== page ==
For those who have been reading regularly, you might know that I am pretty interested in home (or in my case, dorm room) automation. In my sophomore year (last school year), I began work on automating my dorm room here at Rice University. In a few paragraphs, I will introduce you to Domo — named after the Spanish word for butler mayordomo and the Esperanto word for house domo — the latest version of RRAD (Rice Ridiculously Automated Dorm), but first some background.
The original system allowed control of a series of several LED strips, including the ability to toggle the power on and off, and change the light colors; it also had the ability to power a fan in response to room temperature using a home-made relay box which independently switched 120 V to two power outlets. I designed a very nice web control panel, complete with the ability to monitor, control, and review logs from the automation system, as well as mobile integration for easy control. I submitted this original project to the Hack-a-Day Prize that same year and was awarded quarter-finalist; my work would later be featured in an article on the website.
A screenshot of the web interface, and a photo of the relay-controlled power outlet box - of my own design and construction - from automation system version 1.
I had one other major inspiration for this project: in early January, I published a post in which I discussed my vision for an advanced automation system in response to Mark Zuckerberg's announcement that he would spend this year developing his own intelligent home. Now, I wish I could build the system that I have described, however I do not have the time, nor money/resources. I am a Rice University student living in a dorm room, so I am on a student's budget, there is not a huge amount I can modify, and I am currently spending much of my already limited free-time studying for the MCAT. I cannot drill into the wall, nor safely manipulate the electrical systems/switches. As such, I have had to be creative and efficient in the ways in which I automate the various systems. Despite all of these challenges and limitations, I was determined to try and build a voice-based automation system with the resources I had available (in other words, as cheap as possible).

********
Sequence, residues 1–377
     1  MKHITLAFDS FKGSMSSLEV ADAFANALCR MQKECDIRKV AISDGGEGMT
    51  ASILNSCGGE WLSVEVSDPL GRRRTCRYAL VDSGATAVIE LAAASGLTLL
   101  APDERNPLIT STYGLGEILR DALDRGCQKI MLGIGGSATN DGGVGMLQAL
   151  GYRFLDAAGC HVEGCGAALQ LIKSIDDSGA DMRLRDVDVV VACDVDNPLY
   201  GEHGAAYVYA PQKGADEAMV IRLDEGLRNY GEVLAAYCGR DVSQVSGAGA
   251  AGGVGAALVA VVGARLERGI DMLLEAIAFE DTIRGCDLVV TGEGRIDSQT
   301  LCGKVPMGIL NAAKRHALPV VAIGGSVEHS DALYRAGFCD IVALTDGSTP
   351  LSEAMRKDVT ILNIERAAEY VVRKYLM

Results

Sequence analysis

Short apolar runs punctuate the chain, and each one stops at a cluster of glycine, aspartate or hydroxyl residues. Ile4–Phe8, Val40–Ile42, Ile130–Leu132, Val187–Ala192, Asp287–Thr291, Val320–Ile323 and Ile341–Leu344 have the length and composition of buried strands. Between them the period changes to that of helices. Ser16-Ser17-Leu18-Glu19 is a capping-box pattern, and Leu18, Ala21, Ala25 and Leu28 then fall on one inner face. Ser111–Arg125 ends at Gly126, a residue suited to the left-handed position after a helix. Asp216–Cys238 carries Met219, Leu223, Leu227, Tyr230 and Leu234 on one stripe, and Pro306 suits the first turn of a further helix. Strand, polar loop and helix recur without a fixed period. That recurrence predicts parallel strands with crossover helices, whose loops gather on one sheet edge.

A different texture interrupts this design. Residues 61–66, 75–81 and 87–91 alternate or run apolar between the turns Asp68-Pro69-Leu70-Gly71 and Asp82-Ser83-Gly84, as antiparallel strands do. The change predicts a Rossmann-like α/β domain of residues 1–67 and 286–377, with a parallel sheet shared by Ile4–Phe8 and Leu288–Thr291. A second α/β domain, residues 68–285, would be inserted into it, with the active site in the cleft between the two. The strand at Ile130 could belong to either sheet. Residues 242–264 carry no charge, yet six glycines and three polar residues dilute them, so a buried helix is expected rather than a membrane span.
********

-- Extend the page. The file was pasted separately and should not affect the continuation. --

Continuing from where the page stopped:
Before I began working, I had to do a significant amount of research on the mechanics of voice recognition software, and the various open-source solutions currently available in order to figure out how best to accept voice commands into my system. There are numerous solutions available for converting speech to text (STT), but the majority are web services, which require you to send your audio data over the internet to a 3rd party. I was initially determined to utilize one of the two major open-source, offline STT softwares: PocketSphinx and Julius; because I was concerned about privacy and hitting quotas for the services. I eventually did give up on using the offline STT softwares as they are not yet sophisticated/mature enough for my purposes in this project; I now use Google's STT service.